When Roland's father returns from his sortie against the group of Farson's men, he is going to throw a celebration for Roland's return. But he's shocked at the changes in his son, in how pale, thin and drawn he looks. Alain and Bert have made him return the melon to his father, as they are afraid of the changes it has already made in Roland, and Stephen Deschain knows better than to touch it too long or look into it, and locks it away in one of his safes. Not only will the feast be tonight, but Roland's mother has returned to her husband and son, who greet her.
Roland is still worried about his father and the hag, and the disposition of the Melon. He's with Alain and Bert's disquiet over the fact that they will meet the women their parents have chosen to be their brides during the celebration. They are young enough to not want to be married, and view the whole thing as a bad job. But Roland, of course, still wants to do the right thing by Aileen and explain to her why he can't be married- he already met the love of his life, and now she's dead. He can't let the wound heal and give his broken heart to another- it wouldn't be fair to Aileen, and he just can't do it. The wound will never heal.
But even as he attempts to explain this to her, there is a commotion in the hall, and Roland runs to his father's room, to find the Melon gone. Someone has stolen it. He feels someone creeping up behind him just like in his visions of the death of his father. But when he acts to counter the threat, will he end up precipitating another tragedy?
This graphic novel follows right on the heels of "The Long Road Home". The threat is (Mostly) over for the boys, or is it? Despite his best efforts, Roland has become addicted to using the melon, and he can't pull himself away from it no matter how hard he tries. He spends most of his time in bed, naked, his body jackknifed around the orb. But while he withdraws from the world, new threats come forward to engulf him, and his own mother may be one of them. Is she the hag that he's seen in his visions who is coming to kill his father?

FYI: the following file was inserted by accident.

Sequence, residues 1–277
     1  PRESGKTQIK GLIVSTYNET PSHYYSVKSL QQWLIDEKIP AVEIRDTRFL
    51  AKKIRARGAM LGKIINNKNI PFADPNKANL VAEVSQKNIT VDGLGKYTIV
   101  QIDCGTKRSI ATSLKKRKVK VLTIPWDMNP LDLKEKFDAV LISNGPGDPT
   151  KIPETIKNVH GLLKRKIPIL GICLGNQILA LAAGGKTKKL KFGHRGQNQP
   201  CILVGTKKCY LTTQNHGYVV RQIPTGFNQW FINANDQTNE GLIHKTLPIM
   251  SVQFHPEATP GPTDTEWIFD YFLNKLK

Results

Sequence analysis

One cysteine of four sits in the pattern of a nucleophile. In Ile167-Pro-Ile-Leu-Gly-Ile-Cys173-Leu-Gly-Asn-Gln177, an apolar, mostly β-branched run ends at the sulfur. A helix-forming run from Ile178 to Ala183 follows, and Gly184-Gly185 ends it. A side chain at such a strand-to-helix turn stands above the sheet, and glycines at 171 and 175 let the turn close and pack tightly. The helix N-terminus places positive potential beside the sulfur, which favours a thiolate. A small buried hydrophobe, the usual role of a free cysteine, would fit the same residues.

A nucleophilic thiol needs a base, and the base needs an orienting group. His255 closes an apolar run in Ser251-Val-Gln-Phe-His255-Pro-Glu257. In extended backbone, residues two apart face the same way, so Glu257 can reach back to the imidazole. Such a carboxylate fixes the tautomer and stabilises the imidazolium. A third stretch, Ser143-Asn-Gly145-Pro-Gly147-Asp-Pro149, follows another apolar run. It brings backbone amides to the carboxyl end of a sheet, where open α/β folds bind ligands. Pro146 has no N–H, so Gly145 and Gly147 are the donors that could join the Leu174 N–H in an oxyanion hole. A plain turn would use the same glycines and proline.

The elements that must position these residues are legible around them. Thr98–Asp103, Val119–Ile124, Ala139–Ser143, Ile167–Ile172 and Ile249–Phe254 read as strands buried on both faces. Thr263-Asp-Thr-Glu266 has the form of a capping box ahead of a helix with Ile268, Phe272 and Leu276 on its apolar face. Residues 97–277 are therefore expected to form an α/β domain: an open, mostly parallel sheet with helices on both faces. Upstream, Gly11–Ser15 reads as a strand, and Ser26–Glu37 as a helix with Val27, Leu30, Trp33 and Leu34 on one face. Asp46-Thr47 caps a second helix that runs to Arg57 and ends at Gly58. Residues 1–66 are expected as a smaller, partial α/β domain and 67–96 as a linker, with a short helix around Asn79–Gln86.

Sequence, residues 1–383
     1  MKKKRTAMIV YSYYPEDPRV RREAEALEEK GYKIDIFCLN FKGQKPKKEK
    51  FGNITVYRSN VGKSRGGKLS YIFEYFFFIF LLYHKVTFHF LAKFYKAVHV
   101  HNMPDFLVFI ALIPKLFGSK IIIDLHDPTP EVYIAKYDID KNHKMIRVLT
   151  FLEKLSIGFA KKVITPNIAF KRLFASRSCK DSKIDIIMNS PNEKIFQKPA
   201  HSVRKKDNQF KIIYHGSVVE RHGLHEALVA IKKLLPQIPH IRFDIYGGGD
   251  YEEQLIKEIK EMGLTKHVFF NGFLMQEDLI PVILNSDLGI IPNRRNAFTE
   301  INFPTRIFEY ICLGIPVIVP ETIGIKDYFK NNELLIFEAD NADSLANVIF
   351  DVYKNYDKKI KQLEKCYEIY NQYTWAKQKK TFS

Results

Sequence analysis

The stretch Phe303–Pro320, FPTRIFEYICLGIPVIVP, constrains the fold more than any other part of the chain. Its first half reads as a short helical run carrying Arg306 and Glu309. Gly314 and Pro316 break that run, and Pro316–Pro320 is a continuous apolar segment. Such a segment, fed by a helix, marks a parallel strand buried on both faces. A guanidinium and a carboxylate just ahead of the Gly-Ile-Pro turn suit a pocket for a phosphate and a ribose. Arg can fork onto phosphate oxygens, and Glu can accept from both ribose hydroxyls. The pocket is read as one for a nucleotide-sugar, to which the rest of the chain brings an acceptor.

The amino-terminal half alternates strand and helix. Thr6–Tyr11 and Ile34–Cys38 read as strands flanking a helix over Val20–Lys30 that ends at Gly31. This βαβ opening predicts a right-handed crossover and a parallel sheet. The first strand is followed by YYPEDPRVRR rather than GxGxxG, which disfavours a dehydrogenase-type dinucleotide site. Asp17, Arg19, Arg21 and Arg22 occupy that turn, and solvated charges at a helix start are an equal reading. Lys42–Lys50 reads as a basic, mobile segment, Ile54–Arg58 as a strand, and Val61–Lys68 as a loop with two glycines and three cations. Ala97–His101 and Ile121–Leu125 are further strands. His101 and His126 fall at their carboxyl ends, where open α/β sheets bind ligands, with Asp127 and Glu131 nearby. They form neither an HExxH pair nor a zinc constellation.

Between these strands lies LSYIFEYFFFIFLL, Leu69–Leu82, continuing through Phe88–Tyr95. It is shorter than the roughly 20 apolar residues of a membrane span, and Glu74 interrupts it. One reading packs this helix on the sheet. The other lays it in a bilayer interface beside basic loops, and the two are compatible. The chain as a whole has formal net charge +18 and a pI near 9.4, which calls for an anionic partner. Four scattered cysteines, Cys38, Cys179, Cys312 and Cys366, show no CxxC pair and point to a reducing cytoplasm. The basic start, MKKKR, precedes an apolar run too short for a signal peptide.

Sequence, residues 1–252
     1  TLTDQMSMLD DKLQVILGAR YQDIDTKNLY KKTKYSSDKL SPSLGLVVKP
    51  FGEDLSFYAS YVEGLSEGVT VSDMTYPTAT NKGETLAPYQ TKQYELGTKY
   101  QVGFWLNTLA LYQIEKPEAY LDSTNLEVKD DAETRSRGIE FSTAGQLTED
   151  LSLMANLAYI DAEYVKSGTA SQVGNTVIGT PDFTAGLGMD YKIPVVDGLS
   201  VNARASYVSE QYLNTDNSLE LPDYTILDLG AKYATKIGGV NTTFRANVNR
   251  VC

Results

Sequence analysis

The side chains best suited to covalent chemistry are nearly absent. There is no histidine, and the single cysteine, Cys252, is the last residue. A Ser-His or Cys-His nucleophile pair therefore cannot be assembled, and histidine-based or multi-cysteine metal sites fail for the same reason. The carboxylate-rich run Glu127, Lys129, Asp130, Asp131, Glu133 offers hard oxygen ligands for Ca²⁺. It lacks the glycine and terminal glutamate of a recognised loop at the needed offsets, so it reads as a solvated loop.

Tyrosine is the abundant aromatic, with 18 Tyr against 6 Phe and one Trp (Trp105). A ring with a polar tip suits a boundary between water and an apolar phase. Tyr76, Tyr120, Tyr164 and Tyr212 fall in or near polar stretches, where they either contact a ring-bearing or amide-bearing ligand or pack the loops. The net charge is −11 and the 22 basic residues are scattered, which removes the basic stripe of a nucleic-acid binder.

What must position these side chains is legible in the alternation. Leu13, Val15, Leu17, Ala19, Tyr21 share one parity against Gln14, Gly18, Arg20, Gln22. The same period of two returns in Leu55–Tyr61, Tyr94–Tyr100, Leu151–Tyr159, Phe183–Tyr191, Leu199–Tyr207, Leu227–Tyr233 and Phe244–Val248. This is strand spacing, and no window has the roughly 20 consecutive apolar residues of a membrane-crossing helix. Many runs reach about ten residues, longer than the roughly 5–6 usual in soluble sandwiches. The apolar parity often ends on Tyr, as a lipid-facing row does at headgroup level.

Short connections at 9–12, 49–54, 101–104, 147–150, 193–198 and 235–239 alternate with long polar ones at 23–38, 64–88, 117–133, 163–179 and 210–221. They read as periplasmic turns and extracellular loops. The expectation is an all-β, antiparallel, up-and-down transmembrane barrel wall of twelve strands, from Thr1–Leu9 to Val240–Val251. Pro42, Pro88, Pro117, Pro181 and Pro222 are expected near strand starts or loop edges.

My only complaint about this grapghic novel is that it spends a lot of time setting up the final pages of the book and the scenario, and abruptly ends right after the big scene. I know this was probably, and almost certainly dictated by the episodic nature of the comics involved, and it sure made an interesting end to the book, but I wanted to find out what happened next, and was foiled because the library doesn't have the next volume, and while I might be willing to pay for one, none of the comics shops near me carry it. Ah well, such is life.
This seemed like a much more sedately paced book than "The Long Road Home", because in reality, while just as much stuff is happening in this volume, more of it isn't happening to the three main characters. It's in the new characters who carrying their plots and plans mainly offscreen, so to speak. But just because it isn't happening to or around Cutherbert, Alain and Roland doesn't meant that there isn't tension in the story. In fact, the tension starts pretty high when Roland doesn't tell his father about the orb, and keeps building from there.
I found this a tense and entertaining story that really drew me in. But it's not one that should be read on its own out of the blue- you should definitely read "The Long Road Home" first if you can. At the end, it had me wanting to read more, and I did enjoy the less physical but more psychological tension of this story. Well done and recommended.